What did men wear to the pool or beach in the 1960s, 1970s, 1980s and beyond? Since men’s retro swim trunks are back in style, let’s take a look at the swimwear trends for each decade, starting with the 1960s. For other decades, read about 1920s men’s swimwear and 1930s-1950s men’s swimwear.
Shop retro swimsuits at the bottom of the page or on the Men’s Retro Swim Suits and Cabana Sets page.
1960s Men’s Swimwear
There was a lack of innovation in men’s swim trunks of the early 1960s. The boxer short, swim brief, and belted shorts continued to be worn. The waistline lowered a bit and leg lengths also rose up a little, tightening around the upper thigh. Many vintage styles were revived in the 1960s, too. Stripes on the sides returned again. Solid colors, instead of patterns, were also preferred over most prints (plaid was the exception).
Knitted shorts with stretchy nylon fabrics were the biggest invention in swimwear. By the end of the decade, they became hip huggers with an oh-so-snug fit all around. The new length was called the “Nassau-length,” with only a 2-inch leg.
Belts, lace up “renaissance” flys, and drawstring waistbands with the tie on the outside were some of the new details.
Men not bold enough to wear the knit trunks had the classic tab button waistband shorts to wear instead. The fit was slimmer and shorter than previous decades with a flat front and high waist.
The new trend in California was the surfer’s swim shorts, called “surfer jams.” They had long loose legs and an elastic waistband with a string tie. Bright solid colors, horizontal stripes, and tropical/Hawaiian prints decorated the beaches. Later in the 1990s, they were renamed “board shorts.”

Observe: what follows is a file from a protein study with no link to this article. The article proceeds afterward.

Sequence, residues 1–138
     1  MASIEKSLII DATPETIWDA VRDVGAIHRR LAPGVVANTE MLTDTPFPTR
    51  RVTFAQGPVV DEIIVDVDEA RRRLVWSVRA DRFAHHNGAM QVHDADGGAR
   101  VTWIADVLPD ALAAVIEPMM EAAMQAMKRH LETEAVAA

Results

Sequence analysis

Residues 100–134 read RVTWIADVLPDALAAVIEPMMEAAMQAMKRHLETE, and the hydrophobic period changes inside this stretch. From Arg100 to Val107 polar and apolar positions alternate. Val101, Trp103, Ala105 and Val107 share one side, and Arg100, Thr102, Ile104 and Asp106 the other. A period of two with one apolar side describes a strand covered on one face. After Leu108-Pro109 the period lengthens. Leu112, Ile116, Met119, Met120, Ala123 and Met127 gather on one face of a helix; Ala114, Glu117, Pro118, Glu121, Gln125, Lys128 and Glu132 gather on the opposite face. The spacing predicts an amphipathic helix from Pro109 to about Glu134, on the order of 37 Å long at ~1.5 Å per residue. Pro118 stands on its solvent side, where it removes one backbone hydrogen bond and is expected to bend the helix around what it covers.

In the late 1950s as well as the late 1960s, designers experimented with pool pants or beach pants that could be worn for swimming, but that were mostly for lounging or playing beach Volleyball in. The 50s/60s style were calf length pants with a trouser-like cut in white or light blue cotton fabrics.
The late 1960s pool pants were ankle length, printed in very loud bold patterns with flared legs and a drawstring waistband. They were not terribly popular with mature men, but teenage boys loved them.
Cabana shirts continued to be even more commonplace in the 1960s. Cabana jackets, too, were offered as an easier option to zip up over sun-tanned bodies. Mock neck T-shirts in solid to wide horizontal stripes were the most casual shirt to wear with knit swim shorts.
1970s Men’s Swimsuits
While the men’s bikini, unitard, and thong made editorial news in the 1970s, most men still preferred basic solid color boxer or shorts style swimsuits. Many bathing suit styles flashed back to the 1950s with an elastic or tab button waistband, or to the 1960s with knit hip huggers. The entire decade was a flashback to previous decades, this time in new polyester materials instead of nylon knits.
The newest design was “sport shorts,” featuring an elastic band boxer with tulip side-leg shaping and taping in either white or contrast piping. These swim shorts were marketed as athletic shorts that could go for a run on the beach, into the water, and onto the tennis court without changing. Later in the decade, the tulip shape was replaced by a straight leg while still maintaining the “retro stripes.”